Memoranda books and diaries (1892-1907, 1921-1930) contain brief entries reflecting the nature of Dr. Evans' professional work and personal activities, as well as the description of daily meteorological conditions and various social events in Richmond, Virginia, and Robeson County, North Carolina. In fact, these books also include numerous recipes and remedies for illnesses or household problems.
Notes that Evans recorded at Hampden-Sydney College (1884, undated) and at the Medical College of Virginia (1892-1894, 1904) give an indication of the nature of science and medical education at those institutions. Pamphlets which Evans may have used while he was in school (1890-1895) discuss health-related matters, including the testing of vision, typho-malarial fever, acute croupous pneumonia, typhoid fever, and cholelithiasis.
The Evans Papers contain two published works related to the field of medicine. In addition to printed formulas for use in treating a variety of ailments, Saunders' Pocket Medical Formulary (1891) contains Evans' notes which pertain to medication and formulae. Also, a work on bacteriology written for the general practioner (1906) discusses bacteria, diseases, and tests for verifying various ailments and conditions.
A file of miscellany related to Evans' medical career (1894-1930) contains scattered correspondence, prescriptions, notes, letters, and blotter pads bearing advertisements for patent medicines. Of particular interest is a published letter praising Prima Purificans as a cure for syphilis (undated).
In addition, the collection is comprised of papers reflecting Evans' interest in cockfighting, records pertaining to his agricultural pursuits, financial records, and miscellany. Correspondence (1927-1930) from throughout the United States and notes (1929-1930) recorded in the rear of an account book pertain to Evans' raising of cocks for use in fights. Among the records concerning Evans' farming enterprises are tobacco receipts (1929-1930) from markets in Wilson, Lumberton, and Fairmont, N.C., and Mullins, S.C.; and ledgers detailing farming expenses for material and labor (1907-1935). Miscellaneous financial records include bills and receipts (1893-1927), bank deposit slips and bank statements (1913-1930), a receipt book, and promissory note pads. Miscellaneous material includes clippings, especially concerning Evans' death; three volumes containing prayers, recipes,instructions for cleaning, and household accounts (1911-1932); a ledger of unclear origin (1916-1926) containing poetry and records of a gift shop and Minnehalia Lodge; and two photographs.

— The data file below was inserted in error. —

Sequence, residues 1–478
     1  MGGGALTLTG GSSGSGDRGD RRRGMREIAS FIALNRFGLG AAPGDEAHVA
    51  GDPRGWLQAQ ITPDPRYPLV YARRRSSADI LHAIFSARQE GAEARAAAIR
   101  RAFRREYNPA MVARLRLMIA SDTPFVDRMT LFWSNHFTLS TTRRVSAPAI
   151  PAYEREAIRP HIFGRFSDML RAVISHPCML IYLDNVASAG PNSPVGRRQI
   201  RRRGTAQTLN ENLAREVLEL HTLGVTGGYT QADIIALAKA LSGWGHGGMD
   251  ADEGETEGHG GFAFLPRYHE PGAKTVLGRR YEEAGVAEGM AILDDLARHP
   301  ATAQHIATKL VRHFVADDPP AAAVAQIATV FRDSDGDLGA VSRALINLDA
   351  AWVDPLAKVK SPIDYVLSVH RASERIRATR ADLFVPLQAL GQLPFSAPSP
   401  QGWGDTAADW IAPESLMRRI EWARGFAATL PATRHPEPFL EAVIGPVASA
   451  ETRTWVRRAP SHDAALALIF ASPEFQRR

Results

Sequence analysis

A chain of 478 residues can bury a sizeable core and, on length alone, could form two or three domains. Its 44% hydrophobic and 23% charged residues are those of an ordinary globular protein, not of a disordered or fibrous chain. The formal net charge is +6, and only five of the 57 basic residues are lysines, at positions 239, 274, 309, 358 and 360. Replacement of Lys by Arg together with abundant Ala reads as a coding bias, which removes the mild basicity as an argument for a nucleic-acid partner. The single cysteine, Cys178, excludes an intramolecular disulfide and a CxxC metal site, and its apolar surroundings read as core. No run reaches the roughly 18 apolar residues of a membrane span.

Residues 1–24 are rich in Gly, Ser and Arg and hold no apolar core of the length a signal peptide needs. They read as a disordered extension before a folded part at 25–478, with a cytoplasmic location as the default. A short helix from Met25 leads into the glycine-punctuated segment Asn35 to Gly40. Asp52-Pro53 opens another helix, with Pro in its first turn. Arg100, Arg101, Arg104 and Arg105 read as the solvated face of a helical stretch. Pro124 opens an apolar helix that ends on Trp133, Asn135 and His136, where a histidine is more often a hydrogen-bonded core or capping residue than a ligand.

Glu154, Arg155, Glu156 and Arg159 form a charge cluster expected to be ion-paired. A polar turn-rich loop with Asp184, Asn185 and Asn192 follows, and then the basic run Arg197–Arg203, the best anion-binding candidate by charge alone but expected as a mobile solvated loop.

The W. E. Evans subgroup also contains correspondence and notes from William Ernest Evans (1908-1930) and his wife Ida S. Evans (1930-1941), and land records pertaining to Robeson and Brunswick counties, N.C. The file of William Ernest Evans' correspondence contains a certificate of title, notes which are religious in nature and relate information about church expenses and missions, and personal and business letters containing such topics as the monetary value of various fertilizers, interest rates, Evans' landholdings, and acreage cultivated. A copy of an unpublished governmental document (1921) concerning the Harrison Narcotic Law and the legal aspects tied to the medical distribution of narcotics is also included.